The Taliban regime has consulted Chinese telecommunications giant Huawei about a large-scale camera surveillance network across Afghanistan, it has been reported.

Authorities intend to repurpose a surveillance plan developed by the US before its withdrawal from Afghanistan in August 2021, according to Reuters.

This is said to involve supplementing the thousands of cameras already situated across Kabul, the country’s capital, to enhance security against the multitude of attacks launched by the Islamic State in Afghan cities.

Human rights groups are concerned that the four-year surveillance plan will lead to a further clampdown on protestors in Afghanistan – already a cornerstone of the Taliban regime alongside public executions and torture.

A Huawei blunder?

Huawei’s reputation, meanwhile, has become further tainted by association with the Taliban’s totalitarian system. The Shenzhen-based company has faced widespread accusations of spying on Western users of its technology on behalf of China.

Countries including Canada, the UK, Germany, Australia and Japan followed suit when the US declared a boycott of Huawei products in 2019.

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By cooperating with the Taliban, Huawei stands to gain little financially but seriously harm its reputation – especially among Middle Eastern markets at odds with the Taliban regime.

Qatar and Saudi Arabia may recognise the Taliban’s regime to varying extents, but animosities still exist between Afghanistan and Iran, Pakistan and Tajikistan. Taliban involvement could jeopardise Huawei’s prospects of tapping into these Middle Eastern and Central Asian markets, even with the company having earlier this month announced plans to open a cloud data centre in Riyadh.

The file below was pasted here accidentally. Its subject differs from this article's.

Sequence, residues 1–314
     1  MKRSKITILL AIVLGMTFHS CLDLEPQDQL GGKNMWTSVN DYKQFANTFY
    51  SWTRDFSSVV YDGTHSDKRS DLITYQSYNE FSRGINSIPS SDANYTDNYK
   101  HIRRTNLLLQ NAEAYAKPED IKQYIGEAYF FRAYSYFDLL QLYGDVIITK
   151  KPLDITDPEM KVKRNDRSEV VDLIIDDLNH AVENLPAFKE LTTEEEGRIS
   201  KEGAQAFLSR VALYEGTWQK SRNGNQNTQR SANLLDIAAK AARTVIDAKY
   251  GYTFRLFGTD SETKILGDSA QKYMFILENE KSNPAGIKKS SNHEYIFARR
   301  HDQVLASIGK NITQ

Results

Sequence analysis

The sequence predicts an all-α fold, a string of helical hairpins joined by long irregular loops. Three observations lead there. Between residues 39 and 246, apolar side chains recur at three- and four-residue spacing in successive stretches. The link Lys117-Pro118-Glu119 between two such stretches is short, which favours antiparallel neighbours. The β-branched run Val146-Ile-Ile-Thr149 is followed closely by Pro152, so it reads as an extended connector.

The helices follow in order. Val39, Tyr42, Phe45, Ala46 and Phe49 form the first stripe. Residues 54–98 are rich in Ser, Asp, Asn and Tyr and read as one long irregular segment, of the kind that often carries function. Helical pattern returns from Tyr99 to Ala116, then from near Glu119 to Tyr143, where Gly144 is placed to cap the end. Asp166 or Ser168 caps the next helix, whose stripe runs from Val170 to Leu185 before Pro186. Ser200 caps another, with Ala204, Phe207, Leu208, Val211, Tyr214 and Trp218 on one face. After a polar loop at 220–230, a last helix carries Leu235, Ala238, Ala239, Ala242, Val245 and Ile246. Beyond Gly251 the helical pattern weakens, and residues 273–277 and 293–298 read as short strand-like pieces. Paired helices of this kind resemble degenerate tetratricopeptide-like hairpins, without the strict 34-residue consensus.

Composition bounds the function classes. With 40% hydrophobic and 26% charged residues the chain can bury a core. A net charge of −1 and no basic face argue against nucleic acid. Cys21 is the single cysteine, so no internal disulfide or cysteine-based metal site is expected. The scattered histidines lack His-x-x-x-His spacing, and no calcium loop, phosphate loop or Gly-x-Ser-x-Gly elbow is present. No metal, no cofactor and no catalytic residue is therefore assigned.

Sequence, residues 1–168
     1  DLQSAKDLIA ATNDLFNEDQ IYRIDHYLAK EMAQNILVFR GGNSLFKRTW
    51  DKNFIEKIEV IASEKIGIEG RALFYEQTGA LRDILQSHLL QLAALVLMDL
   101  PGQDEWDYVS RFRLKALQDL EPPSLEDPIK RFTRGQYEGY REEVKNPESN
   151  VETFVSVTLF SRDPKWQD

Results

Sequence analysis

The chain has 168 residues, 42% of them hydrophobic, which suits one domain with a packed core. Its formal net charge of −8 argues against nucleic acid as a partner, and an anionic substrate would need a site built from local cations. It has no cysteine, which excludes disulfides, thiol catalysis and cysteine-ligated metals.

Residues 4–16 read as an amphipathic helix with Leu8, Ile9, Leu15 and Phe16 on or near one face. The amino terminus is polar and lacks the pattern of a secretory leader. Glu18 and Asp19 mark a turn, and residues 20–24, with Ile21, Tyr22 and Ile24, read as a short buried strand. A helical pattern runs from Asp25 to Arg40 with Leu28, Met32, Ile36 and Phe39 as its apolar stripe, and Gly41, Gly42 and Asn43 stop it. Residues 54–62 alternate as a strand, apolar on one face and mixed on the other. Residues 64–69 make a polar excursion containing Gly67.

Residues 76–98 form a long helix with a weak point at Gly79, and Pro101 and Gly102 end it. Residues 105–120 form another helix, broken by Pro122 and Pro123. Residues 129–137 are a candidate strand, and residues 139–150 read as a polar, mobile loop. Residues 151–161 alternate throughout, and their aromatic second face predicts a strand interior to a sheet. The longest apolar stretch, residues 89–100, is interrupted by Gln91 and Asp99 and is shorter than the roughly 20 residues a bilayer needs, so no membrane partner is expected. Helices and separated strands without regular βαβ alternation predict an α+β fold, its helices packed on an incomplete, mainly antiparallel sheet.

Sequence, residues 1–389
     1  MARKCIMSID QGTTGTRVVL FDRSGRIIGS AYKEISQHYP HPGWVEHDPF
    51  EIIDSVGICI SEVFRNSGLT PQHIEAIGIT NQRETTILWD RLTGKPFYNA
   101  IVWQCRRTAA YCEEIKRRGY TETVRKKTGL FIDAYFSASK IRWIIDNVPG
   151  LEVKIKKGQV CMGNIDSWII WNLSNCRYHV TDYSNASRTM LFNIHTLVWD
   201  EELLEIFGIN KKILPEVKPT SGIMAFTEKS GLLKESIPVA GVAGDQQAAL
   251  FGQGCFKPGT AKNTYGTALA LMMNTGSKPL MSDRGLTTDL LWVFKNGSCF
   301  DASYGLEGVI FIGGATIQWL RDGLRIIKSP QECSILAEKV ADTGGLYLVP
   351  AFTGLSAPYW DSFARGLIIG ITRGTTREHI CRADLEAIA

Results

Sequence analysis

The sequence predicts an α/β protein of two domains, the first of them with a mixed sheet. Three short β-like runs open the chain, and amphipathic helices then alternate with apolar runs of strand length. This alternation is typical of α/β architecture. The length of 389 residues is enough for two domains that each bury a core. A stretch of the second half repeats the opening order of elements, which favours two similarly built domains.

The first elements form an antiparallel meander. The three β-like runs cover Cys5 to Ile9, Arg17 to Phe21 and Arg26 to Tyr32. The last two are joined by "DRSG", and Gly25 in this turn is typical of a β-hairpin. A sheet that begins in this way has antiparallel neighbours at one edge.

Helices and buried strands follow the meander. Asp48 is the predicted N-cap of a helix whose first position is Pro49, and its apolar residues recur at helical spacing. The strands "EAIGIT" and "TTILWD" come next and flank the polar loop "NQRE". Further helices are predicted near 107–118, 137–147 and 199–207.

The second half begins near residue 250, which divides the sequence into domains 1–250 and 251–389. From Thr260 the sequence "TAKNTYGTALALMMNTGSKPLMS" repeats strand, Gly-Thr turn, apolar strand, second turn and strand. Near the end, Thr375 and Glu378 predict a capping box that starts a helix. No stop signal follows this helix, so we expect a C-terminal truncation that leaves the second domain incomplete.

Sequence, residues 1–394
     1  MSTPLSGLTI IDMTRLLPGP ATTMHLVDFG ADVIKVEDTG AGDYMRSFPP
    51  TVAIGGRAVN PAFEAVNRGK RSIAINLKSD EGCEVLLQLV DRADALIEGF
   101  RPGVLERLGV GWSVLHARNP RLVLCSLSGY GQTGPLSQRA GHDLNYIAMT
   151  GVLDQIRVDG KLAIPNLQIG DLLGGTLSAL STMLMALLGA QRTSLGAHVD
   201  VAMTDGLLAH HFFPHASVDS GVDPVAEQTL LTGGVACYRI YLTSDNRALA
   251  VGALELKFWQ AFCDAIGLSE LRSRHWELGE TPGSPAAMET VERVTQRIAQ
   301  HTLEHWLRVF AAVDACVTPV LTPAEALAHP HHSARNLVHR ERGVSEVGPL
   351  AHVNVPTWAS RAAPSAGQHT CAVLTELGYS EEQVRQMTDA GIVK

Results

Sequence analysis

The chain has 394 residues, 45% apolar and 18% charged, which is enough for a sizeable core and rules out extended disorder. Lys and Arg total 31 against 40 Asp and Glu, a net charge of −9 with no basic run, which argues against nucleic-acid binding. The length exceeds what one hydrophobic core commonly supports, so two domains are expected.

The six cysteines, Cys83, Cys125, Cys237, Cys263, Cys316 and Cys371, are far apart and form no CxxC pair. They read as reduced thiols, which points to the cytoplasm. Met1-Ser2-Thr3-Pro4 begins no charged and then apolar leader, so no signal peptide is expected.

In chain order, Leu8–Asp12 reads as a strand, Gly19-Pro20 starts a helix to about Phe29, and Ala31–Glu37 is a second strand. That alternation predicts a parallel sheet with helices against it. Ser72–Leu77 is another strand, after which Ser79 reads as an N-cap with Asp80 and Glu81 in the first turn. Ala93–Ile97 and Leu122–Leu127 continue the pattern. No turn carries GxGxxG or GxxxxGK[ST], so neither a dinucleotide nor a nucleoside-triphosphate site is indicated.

GlobalData research forecasts a boom in the Middle Eastern telecommunications industry, with multiple countries’ markets projected to increase at an 8% compound annual growth rate from 2022 to 2027.

Huawei’s involvement also furthers a trend of international legitimisation of the Taliban government, aggravated by the US’ willingness to negotiate with the regime in July.

The US State Department has said Washington was not “partnering” with the Taliban and has “made clear to the Taliban that it is their responsibility to ensure that they give no safe haven to terrorists”.

Afghanistan’s Ministry of Interior spokesperson Abdul Mateen Qani told Reuters that there are more than 62,000 cameras across Afghan cities, all monitored from a central control room.

“We are working on a Kabul security map, which is (being completed) by security experts and (is taking) lots of time,” Qani said. “We already have two maps, one which was made by the USA for the previous government and the second by Turkey.”

From US security plans to advice and potential investment from Chinese telecommunications companies, the Taliban continues to capitalise on careless behaviour from foreign entities.